There’s two ways of dealing with this type of error. The first is for routes that load data stored locally. If they fail to find the post, they’ll throw a not-found exception.

// app/routes/local-post.js

export default Route.extend({
  model({ post_id }) {
    // there's no server, all posts are stored locally
    let post = this.store.peekAll('post').findBy('id', post_id);

    if (!post) {
      throw "not-found";
    }

    return post;
  }
});

Next, let’s deal with a route that loads its data from a remote source using Ember Data. When no post is found this route will force Ember Data to throw an EmberError.

// app/routes/remote-post.js

export default Route.extend({
  model({ post_id }) {
    return this.store.findRecord('post', post_id);
  }
});

Part 3: Global error handler

Now for the fun part, handling these exceptions!

In the application route there’s a global error handler that will use intermediateTransitionTo if it catches a not-found or Ember Data 404 error.

The beauty of intermediateTransitionTo is it doesn’t change the URL. So the 404ing URL is kept in place, which is how server rendered applications behave.

Another cool part about this code is that it sets the http status code to 404 when running in Fastboot.

// app/routes/application.js

import { inject as service } from '@ember/service';
import Route from '@ember/routing/route';

export default Route.extend({
  fastboot: service(),

  actions: {

    // this code handles any routes that throw exceptions
    error(error, transition) {
      let fastboot = this.get('fastboot');

      let notFound = error === 'not-found' ||
        (error &&
          error.httpErrorResponse &&
          error.httpErrorResponse.status === 404);

      // routes that can't find models
      if (notFound) {
        if (fastboot.get('isFastBoot')) {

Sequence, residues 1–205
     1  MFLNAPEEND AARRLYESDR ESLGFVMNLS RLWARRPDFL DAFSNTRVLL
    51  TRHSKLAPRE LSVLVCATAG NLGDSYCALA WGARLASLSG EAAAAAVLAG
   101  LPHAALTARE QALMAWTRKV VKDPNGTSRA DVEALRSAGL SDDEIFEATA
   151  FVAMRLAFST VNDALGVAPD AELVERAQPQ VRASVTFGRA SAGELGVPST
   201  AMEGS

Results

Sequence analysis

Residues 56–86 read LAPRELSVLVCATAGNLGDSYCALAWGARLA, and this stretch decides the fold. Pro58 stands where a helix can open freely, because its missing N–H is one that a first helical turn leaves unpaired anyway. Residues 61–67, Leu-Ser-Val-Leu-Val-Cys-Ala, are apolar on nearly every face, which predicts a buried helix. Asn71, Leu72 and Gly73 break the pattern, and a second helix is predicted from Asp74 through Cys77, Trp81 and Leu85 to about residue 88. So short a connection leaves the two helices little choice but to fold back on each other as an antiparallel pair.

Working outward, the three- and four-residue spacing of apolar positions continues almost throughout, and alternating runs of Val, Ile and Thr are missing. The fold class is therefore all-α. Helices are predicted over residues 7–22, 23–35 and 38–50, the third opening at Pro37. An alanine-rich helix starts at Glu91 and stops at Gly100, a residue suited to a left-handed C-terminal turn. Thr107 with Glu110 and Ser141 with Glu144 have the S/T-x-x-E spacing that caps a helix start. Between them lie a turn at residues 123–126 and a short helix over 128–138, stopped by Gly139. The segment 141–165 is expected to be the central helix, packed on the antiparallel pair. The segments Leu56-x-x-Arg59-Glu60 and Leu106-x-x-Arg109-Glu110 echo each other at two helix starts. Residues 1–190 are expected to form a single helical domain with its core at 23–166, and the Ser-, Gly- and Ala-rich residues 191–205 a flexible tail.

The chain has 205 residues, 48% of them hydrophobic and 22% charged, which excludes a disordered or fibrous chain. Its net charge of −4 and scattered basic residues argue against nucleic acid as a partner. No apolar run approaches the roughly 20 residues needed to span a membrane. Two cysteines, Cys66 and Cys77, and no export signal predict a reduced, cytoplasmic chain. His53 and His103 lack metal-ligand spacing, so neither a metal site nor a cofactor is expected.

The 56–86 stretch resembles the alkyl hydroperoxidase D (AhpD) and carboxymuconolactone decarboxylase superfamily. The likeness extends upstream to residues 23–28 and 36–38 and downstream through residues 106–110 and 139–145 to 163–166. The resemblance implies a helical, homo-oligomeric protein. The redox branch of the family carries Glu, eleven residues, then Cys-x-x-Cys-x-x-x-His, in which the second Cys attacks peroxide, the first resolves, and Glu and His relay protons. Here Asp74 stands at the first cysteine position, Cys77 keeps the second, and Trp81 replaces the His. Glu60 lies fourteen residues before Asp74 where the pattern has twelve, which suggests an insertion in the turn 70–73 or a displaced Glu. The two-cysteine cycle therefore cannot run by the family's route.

this.set('fastboot.response.statusCode', 404);
        }
        this.intermediateTransitionTo('404', { wildcard: '404' });

      } else {
        return true;

      }
    }
  }
});

In order to tell if Ember Data received a 404 our adapter creates an object on the exception called httpErrorResponse that contains the the server’s response. Without this I couldn’t find a way to distinguish between 404s, 401s, 403s, or any other http error for that matter.

Here’s the adapter code that sets httpErrorResponse on the error object.

// app/adapters/application.js

import DS from 'ember-data';

export default DS.JSONAPIAdapter.extend({

  handleResponse(status, headers, payload, requestData) {
    let responseObject = this._super(...arguments);

    if (responseObject && responseObject.isAdapterError) {
      responseObject.httpErrorResponse = {
        status, // <- this let's us know the adapter 404'd
        headers,
        payload
      };
    }

    return responseObject;
  }
});

This seems to be working well for all of the situations I’ve encountered, which are:

  1. URLs that couldn’t be recognized.
  2. URLs that could be recognized, but couldn’t find data.
  3. Routes that fail to load because of Ember Data.
  4. 404s rendered in Fastboot.

Part of me feels strange for using exceptions as a control flow mechanism, but it seems to be the best way to work through this problem.

I’d love to hear any thoughts to this approach.